Explore difficult and off-limits subjects and they’ll come to feel less foreign, less loaded. Challenge yourself to see frequent but short talks about tricky sex-ed subjects as being part of an ongoing, everyday process, and it will become second nature…

  • Actively bring up issues instead of reactively waiting for your children to ask questions or for something to happen that triggers discussion

  • Test-drive awkward words out loud or with another adult

  • Choose your moment – maybe when you’re both in parallel while out walking or driving so you won’t have to make eye contact, or brazen it out at the dinner table

  • As a way in, talk about a third party – use something that happened to someone else as a springboard for discussion; ask if an issue has come up at school; hook conversation onto themes brought up by news stories

Tackling sex-ed topics entails revisiting how your own formative experiences – from sex education to sexual activity to the assumptions that were conditioned into all of us – inform your current stance and viewpoints. In fact it’s important to examine your own values about relationships and sex-education topics and how they implicitly convey messages to your children.

You don’t have to go it alone. It’s useful to define where you stand relative to other people’s parenting stories and values. Coming together with other parents to compare notes, hear different perspectives and exchange experiences is eye opening, emboldening.

Attending a panel discussion means that being in the relative anonymity of a large audience shares out the awkwardness – you’re all in it together – while small parent-discussion groups are rewarding because of the interactiveness.

It can be embarrassing saying something revelatory to someone you know. Equally it can be intimidating to relay a personal anecdote to a total stranger. But either way you’re learning experientially and testing the waters – this is a trial run for taking the plunge to talk with your children.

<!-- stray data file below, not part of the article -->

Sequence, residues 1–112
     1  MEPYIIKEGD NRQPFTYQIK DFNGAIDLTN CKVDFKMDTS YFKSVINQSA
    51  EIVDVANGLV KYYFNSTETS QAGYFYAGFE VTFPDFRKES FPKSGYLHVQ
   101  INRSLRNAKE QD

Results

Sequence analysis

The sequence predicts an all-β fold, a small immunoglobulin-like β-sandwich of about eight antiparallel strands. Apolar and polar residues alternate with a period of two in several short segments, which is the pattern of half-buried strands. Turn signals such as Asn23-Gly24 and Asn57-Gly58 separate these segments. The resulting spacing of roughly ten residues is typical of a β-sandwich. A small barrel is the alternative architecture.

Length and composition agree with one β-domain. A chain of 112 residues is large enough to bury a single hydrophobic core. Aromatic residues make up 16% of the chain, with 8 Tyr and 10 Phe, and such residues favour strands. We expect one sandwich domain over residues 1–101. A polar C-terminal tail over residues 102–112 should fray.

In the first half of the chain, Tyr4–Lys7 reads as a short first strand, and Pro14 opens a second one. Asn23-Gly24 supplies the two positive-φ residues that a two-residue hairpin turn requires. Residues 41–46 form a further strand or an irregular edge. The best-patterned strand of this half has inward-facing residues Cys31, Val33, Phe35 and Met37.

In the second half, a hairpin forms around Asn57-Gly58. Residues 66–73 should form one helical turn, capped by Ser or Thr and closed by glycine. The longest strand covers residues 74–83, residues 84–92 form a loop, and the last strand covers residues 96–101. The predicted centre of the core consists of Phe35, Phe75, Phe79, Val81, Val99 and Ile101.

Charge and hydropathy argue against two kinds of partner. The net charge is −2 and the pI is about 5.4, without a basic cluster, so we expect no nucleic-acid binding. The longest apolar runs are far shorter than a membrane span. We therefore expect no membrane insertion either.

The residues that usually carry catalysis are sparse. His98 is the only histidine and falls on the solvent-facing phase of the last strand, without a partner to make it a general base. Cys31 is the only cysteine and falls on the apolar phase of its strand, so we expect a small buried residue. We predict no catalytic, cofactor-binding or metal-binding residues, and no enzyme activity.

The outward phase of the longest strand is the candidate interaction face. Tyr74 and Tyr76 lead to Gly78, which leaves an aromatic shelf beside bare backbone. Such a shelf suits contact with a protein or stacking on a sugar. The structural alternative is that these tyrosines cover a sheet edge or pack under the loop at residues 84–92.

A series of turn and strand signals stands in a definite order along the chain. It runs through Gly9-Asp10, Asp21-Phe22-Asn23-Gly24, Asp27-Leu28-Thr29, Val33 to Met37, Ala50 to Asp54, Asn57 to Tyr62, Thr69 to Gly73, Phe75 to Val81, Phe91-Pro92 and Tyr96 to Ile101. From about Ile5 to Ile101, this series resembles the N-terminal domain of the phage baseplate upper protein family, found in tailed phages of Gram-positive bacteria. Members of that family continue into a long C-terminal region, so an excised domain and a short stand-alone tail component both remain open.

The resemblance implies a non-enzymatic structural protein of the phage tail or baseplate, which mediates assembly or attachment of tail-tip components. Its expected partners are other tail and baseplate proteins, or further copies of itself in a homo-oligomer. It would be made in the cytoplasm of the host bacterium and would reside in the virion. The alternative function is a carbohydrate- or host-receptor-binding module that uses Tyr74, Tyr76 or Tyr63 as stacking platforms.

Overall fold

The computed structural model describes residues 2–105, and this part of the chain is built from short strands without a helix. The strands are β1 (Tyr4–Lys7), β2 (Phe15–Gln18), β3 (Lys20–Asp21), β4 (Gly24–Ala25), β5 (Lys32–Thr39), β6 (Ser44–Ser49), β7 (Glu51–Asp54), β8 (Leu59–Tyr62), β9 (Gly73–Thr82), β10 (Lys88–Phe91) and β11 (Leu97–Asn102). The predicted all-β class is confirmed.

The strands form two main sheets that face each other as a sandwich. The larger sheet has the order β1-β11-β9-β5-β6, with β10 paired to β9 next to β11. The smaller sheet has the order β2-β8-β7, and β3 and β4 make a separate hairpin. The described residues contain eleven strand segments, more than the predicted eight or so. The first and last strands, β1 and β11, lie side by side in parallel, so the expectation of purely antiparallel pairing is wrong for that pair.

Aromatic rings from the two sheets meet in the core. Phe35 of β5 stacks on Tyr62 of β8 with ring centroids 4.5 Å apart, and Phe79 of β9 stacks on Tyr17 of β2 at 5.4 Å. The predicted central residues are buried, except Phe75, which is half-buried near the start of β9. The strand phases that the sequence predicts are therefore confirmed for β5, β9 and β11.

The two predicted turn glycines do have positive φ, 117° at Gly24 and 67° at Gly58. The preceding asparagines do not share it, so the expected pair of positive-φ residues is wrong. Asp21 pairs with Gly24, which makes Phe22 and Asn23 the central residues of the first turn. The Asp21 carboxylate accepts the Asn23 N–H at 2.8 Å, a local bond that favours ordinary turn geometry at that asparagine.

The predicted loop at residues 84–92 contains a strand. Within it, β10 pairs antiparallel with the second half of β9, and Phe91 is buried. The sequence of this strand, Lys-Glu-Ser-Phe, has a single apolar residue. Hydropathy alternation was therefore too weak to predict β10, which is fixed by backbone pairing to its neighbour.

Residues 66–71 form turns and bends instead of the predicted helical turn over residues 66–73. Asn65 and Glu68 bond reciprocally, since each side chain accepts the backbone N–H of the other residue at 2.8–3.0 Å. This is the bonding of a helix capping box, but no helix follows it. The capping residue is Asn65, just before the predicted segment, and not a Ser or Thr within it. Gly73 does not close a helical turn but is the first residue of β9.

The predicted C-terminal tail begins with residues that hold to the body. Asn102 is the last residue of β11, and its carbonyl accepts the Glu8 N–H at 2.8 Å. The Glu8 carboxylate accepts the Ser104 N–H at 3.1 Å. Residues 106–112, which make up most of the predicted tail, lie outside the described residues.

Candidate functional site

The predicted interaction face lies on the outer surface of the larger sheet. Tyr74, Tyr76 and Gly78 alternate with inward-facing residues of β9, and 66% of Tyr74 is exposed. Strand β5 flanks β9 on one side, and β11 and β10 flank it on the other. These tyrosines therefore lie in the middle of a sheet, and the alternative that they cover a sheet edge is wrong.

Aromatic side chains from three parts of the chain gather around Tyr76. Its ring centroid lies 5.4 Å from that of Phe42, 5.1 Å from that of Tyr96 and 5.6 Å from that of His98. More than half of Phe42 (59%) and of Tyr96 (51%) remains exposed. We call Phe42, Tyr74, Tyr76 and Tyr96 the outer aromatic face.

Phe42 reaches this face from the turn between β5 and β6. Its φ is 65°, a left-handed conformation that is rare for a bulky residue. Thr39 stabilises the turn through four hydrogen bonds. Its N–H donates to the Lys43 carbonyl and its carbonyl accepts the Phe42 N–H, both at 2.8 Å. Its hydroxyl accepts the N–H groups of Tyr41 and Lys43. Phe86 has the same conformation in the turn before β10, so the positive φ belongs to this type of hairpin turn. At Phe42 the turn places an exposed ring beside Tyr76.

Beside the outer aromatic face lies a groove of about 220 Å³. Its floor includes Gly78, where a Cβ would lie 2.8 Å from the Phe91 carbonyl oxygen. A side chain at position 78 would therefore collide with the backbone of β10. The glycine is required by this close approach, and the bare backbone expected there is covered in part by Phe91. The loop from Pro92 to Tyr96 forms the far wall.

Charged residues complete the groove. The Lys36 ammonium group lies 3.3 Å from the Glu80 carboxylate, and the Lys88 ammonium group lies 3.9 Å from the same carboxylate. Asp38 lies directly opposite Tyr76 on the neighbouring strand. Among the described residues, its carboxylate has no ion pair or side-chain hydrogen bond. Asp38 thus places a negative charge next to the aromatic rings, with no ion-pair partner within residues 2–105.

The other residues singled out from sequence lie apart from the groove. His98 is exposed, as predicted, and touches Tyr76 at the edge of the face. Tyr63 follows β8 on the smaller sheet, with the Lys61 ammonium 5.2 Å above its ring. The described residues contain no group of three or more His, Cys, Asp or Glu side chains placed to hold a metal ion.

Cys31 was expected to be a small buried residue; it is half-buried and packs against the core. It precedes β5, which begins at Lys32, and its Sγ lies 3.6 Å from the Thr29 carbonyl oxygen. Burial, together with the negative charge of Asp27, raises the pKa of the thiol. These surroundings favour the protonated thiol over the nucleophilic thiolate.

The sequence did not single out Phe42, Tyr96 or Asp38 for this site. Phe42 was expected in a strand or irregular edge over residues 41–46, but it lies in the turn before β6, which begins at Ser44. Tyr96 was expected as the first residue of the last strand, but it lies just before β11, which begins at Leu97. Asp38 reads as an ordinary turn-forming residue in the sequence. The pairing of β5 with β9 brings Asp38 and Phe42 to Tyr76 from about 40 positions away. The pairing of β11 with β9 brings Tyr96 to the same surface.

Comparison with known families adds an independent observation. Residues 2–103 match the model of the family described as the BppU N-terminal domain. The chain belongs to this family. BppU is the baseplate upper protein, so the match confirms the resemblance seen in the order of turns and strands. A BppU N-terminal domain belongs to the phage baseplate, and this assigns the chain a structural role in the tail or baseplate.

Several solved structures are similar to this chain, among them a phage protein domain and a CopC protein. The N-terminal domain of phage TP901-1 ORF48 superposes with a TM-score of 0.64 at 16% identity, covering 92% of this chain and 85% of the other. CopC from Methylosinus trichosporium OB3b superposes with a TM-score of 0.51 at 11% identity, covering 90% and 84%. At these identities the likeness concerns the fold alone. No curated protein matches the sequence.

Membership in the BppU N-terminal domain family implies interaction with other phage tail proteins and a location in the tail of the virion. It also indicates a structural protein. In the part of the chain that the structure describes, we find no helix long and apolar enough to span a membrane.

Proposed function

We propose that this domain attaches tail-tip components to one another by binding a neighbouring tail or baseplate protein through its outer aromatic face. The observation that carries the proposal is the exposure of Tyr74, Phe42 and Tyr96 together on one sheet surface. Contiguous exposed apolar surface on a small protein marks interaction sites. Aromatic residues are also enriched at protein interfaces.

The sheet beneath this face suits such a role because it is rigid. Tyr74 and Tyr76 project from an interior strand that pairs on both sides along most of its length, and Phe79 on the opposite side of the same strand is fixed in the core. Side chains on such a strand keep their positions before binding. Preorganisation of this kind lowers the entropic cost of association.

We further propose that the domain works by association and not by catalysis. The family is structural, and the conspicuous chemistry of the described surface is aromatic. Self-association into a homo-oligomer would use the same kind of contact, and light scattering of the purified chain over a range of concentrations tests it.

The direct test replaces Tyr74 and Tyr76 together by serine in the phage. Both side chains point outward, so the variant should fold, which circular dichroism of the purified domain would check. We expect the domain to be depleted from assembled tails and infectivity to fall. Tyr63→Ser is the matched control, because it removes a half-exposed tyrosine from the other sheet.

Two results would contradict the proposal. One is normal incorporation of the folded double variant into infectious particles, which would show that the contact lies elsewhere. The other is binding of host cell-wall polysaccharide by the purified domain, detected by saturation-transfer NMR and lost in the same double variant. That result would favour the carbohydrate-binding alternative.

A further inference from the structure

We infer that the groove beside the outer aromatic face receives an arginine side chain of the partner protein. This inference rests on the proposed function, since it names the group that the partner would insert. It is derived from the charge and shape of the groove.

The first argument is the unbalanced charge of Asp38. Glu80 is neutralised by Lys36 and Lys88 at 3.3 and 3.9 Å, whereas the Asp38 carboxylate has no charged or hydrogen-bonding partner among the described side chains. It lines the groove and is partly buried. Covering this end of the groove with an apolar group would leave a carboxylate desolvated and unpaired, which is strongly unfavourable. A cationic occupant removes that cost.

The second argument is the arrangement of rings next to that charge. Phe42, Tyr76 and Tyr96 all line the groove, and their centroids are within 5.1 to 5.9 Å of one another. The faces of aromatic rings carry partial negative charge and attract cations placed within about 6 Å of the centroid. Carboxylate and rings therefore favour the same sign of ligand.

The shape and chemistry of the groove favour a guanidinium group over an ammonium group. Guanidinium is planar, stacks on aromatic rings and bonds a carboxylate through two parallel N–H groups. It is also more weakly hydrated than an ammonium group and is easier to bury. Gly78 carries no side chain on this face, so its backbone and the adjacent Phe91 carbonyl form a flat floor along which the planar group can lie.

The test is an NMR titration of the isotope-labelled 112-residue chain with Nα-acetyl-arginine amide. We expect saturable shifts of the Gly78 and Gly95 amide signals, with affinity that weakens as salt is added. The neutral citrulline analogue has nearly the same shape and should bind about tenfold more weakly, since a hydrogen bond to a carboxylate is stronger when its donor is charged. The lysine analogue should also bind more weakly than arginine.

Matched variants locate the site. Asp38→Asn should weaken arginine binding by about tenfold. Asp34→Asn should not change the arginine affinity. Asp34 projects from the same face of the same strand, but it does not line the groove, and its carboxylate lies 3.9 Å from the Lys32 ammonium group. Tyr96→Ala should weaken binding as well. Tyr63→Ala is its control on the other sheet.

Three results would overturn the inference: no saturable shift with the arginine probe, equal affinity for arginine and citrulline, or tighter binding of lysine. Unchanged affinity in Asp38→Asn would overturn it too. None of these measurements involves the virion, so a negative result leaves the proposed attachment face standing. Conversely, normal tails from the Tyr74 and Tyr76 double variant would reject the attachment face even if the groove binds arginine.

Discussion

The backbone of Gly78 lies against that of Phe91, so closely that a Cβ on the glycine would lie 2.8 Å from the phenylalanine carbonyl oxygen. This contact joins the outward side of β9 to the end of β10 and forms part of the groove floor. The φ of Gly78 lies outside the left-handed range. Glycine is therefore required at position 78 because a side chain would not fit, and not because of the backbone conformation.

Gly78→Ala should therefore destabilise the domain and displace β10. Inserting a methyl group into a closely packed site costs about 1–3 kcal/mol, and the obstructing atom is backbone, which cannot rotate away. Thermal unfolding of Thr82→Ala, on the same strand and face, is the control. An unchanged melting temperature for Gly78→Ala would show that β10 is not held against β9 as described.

Becoming part of the conversation inspires you to spark conversation at home.

It’s a catalyst for talking with children and young people about healthy and LGBT-inclusive relationships, respect, enthusiastic mutual consent and becoming a critical thinker – all of which are at the heart of relationships and sex education (RSE).

RSE will increasingly make headlines in the run-up to September 2019, when it will become mandatory in secondary schools and relationships education will become mandatory in primary schools. Supporting parental engagement around RSE should already figure high on schools’ agendas – they have a responsibility to communicate with parents about their RSE policies. Parents also need education from schools about the topics covered in RSE lessons, and when, so that they can reinforce their children’s RSE learning with casual conversations with them, just as they would about other school subjects.

You can make it all kick off at home well before the 2019 start date. As the missing piece in the puzzle of your children's relationships and sex-education learning, start discussing and demystifying sex-ed topics here and now. You’ll be shoring up your children’s resilience and wellbeing. The fact that you are modelling openness and confidence will give them confidence. The compelling end result is that you will be strengthening your connection with your children over time.

Dare to talk openly with your children.

Don’t decide to not go there.

Go there.

A slightly shorter version of this piece appeared on the Huffington Post under the title Every Parent Must Get Involved In Their Children’s Sex Education in February 2018